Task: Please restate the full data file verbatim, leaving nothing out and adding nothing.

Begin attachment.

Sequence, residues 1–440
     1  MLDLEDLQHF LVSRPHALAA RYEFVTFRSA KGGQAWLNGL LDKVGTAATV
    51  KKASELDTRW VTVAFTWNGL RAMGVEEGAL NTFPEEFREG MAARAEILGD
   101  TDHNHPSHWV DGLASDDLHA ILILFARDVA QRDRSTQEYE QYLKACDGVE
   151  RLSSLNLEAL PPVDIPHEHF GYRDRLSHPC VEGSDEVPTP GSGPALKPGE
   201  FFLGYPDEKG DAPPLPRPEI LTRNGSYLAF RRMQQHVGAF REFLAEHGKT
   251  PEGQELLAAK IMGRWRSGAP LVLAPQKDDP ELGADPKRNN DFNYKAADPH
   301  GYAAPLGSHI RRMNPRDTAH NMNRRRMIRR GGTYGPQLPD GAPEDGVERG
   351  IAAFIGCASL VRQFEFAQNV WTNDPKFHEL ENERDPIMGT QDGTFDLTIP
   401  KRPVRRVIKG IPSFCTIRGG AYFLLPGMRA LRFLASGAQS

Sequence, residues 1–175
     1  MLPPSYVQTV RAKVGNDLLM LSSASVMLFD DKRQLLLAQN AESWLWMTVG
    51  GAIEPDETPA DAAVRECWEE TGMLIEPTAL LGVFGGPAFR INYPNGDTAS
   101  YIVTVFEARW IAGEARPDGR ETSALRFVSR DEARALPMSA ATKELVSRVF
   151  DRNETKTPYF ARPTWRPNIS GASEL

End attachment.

Sequence, residues 1–440
     1  MLDLEDLQHF LVSRPHALAA RYEFVTFRSA KGGQAWLNGL LDKVGTAATV
    51  KKASELDTRW VTVAFTWNGL RAMGVEEGAL NTFPEEFREG MAARAEILGD
   101  TDHNHPSHWV DGLASDDLHA ILILFARDVA QRDRSTQEYE QYLKACDGVE
   151  RLSSLNLEAL PPVDIPHEHF GYRDRLSHPC VEGSDEVPTP GSGPALKPGE
   201  FFLGYPDEKG DAPPLPRPEI LTRNGSYLAF RRMQQHVGAF REFLAEHGKT
   251  PEGQELLAAK IMGRWRSGAP LVLAPQKDDP ELGADPKRNN DFNYKAADPH
   301  GYAAPLGSHI RRMNPRDTAH NMNRRRMIRR GGTYGPQLPD GAPEDGVERG
   351  IAAFIGCASL VRQFEFAQNV WTNDPKFHEL ENERDPIMGT QDGTFDLTIP
   401  KRPVRRVIKG IPSFCTIRGG AYFLLPGMRA LRFLASGAQS

Sequence, residues 1–175
     1  MLPPSYVQTV RAKVGNDLLM LSSASVMLFD DKRQLLLAQN AESWLWMTVG
    51  GAIEPDETPA DAAVRECWEE TGMLIEPTAL LGVFGGPAFR INYPNGDTAS
   101  YIVTVFEARW IAGEARPDGR ETSALRFVSR DEARALPMSA ATKELVSRVF
   151  DRNETKTPYF ARPTWRPNIS GASEL